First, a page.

Generally, YLD rates (per 100,000 individuals) were studied for 55 countries from different regions of Asia and North Africa during 1990–2015. Figure 1 illustrates the trends in age-standardized YLD rates for each region over time. As shown, the YLD rates for SA have decreased slightly over time until 2000 and had a sharp increase from 2000 to 2015. Meanwhile, EA had a moderate decreasing trend till 1995 and then had a steep increment between 1995 and 2015. In HIAP, there was an upward trend, but not regularly over time. For other regions, the trend of YLD rates remained steady across the six time points: 1990, 1995, 2000, 2005, 2010, and 2015. Table 1 shows the YLD rates and 95% uncertainty intervals for each of the regions during the study period. Based on this table, the highest and lowest YLD rates in 1990 (starting point of the research) and 2015 (end of point of the research) could be respectively observed in NAME (177.66 and 177.25 per 100,000, respectively) and SA (89.54 and 99.86 per 100,000, respectively). Additionally, the last row of the table could provide general information about the trend in YLD rate for all regions. As observed in this row, the YLD rate had a sharp decrease until 2005, and then exhibited a nearly fixed trend between 2005 and 2015. Figure 2 displays maps of the age-standardized YLD rates in each of the 55 countries from 1990 to 2015. During this time, India, Japan, and Singapore showed the greatest change in YLD rate. Furthermore, Figure 3 shows the ranking of YLD rates in the studied regions. As seen, NAME, HIAP, SEA, and SA regions had a fixed rank in YLD rate during the studied period. In contrast, the rank of YLD rates for CA and EA regions showed changes between 1990 and 2015.

Figure 1

The trend of age-standardized YLD rates in each region from 1990 to 2015. YLD, years lived with disability.

Region Year

1990 1995 2000 2005 2010 2015
NAME 177.66 (126.55, 236.48)a 178.04 (127.20, 234.33) 177.16 (126.64, 233.80) 178.16 (126.50, 236.06) 177.56 (126.21, 235.95) 177.25 (125.99, 236.29)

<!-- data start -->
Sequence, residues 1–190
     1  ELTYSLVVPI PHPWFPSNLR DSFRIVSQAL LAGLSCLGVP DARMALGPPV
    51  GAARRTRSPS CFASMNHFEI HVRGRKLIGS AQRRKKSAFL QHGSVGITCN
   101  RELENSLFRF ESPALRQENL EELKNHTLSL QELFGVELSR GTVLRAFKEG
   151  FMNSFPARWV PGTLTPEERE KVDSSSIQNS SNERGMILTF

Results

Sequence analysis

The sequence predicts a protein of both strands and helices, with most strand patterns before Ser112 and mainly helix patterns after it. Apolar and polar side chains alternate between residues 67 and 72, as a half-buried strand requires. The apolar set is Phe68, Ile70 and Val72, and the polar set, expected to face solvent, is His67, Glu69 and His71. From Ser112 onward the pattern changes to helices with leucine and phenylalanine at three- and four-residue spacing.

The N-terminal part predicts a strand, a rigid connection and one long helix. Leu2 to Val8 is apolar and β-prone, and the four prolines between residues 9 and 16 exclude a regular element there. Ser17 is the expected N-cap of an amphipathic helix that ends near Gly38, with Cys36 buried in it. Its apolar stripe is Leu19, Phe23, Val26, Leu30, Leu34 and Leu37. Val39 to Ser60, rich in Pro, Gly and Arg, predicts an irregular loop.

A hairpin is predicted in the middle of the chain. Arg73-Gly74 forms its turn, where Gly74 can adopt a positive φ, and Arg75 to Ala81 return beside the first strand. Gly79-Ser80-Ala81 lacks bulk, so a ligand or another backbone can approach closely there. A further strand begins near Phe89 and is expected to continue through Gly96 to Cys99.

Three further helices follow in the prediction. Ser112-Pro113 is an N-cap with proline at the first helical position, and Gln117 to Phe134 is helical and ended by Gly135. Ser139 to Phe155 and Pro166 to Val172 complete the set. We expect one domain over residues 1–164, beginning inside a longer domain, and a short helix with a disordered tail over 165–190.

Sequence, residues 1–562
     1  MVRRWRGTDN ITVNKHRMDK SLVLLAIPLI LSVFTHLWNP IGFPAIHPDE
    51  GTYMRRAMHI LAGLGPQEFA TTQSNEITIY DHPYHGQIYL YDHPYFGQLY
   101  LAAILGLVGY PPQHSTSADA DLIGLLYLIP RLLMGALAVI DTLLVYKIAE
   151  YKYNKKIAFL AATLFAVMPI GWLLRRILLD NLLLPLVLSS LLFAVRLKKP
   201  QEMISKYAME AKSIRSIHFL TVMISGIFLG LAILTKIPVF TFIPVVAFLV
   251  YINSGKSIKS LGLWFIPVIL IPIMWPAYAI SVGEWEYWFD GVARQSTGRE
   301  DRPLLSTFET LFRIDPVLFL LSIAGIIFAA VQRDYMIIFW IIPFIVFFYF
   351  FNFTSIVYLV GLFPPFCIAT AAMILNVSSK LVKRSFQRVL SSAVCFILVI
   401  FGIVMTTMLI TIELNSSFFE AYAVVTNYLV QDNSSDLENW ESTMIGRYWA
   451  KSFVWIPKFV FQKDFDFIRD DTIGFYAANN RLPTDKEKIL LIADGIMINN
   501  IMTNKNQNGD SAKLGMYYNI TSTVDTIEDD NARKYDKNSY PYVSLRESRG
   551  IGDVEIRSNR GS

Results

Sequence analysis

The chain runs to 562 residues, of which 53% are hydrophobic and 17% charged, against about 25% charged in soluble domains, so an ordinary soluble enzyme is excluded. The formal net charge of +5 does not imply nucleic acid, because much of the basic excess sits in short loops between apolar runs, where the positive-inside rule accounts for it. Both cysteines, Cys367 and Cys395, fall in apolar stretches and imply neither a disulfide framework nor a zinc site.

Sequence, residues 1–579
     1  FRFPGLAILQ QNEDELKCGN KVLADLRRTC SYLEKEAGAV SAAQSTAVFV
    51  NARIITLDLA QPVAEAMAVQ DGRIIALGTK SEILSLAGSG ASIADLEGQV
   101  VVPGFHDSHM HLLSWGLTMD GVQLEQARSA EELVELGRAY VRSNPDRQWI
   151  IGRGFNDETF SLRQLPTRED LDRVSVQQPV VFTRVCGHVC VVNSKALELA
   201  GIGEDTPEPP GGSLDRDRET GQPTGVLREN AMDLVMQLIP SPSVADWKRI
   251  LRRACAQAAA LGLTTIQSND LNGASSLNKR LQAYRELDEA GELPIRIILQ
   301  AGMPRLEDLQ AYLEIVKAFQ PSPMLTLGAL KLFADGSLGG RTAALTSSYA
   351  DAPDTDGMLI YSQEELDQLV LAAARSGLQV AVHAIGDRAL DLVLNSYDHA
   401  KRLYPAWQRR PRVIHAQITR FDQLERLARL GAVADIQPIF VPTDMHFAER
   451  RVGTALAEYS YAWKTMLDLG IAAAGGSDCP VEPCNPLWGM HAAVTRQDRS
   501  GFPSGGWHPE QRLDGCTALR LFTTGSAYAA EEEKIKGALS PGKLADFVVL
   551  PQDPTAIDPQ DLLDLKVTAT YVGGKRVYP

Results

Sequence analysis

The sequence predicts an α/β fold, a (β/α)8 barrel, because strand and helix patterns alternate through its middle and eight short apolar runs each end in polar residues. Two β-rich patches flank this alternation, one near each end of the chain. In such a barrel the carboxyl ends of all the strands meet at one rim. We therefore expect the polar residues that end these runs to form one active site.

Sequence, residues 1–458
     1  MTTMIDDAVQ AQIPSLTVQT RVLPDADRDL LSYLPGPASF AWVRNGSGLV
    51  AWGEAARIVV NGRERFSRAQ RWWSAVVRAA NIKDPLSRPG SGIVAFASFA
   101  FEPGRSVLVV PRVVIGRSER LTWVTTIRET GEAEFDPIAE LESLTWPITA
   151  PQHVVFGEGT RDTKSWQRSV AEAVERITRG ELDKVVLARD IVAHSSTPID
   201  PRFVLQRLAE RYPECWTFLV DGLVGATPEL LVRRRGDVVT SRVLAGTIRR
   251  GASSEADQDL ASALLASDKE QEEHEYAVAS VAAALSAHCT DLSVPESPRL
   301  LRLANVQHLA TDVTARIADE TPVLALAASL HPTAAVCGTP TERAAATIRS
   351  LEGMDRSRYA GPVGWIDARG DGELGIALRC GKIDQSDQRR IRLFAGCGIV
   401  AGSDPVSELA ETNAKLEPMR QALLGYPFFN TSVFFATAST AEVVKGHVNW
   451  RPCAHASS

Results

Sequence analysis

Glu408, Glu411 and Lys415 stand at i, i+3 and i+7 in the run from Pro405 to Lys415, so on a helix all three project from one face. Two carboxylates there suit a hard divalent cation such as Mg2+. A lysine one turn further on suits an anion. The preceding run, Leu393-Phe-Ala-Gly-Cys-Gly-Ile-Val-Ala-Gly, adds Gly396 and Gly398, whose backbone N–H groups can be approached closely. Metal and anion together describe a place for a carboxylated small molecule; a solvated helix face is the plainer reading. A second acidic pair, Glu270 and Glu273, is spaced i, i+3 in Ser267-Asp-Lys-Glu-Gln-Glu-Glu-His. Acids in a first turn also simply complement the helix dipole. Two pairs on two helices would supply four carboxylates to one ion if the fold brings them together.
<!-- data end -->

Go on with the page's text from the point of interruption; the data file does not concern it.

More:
HIAP 113.57 (80.64, 151.08) 113.43 (80.25, 151.09) 122.26 (86.42, 161.85) 121.27 (85.82, 160.67) 127.36 (89.47, 169) 126.08 (88.80, 168.41)
CA 101.09 (71.46, 135.76) 100.56 (70.60, 134.71) 99.80 (70.09, 134.04) 100.20 (70.64, 134.69) 100.12 (70.57, 134.55) 100.62 (71.09, 134.83)
SA 89.54 (63.74, 119.23) 92.20 (65.88, 123.18) 91.97 (65.49, 122.64) 94.27 (67.09, 125.43) 96.22 (68.21, 128.91) 99.86 (71.03, 133.74)
SEA 110.81 (78.21, 149.08) 110.70 (78.79, 149.57) 111.74 (79.54, 151.48) 111.09 (78.92, 149.17) 110.71 (78.97, 149.66) 110.82 (78.45, 149.28)
EA 97.55 (68.87, 131.38) 96.19 (67.65, 128.68) 97.77 (69.32, 130.99) 101.97 (72.17, 137.41) 103.57 (73.16, 139.77) 105.50 (74.14, 142.25)
All regions 130.25 129.88 129.74 120.97 129.86 129.67

Data in parenthesis are the lower and upper bands of YLD rate.

CA, Central Asia; EA, East Asia; NAME, North Africa and Middle East; SA, South Asia; SEA, Southeast Asia; SE, standard error; YLD, years lived with disability.

Table 1

Value of age-standardized Alzheimer’s disease and other dementias YLD rates per 100,000 persons

Figure 2

The geographical distribution of age-standardized YLD rate per 100,000 persons between 1990 and 2015. YLD, years lived with disability.

Figure 3

Ranking of age-standardized YLDs rate per 100,000 persons by the studied regions during 1990–2015. YLD, years lived with disability.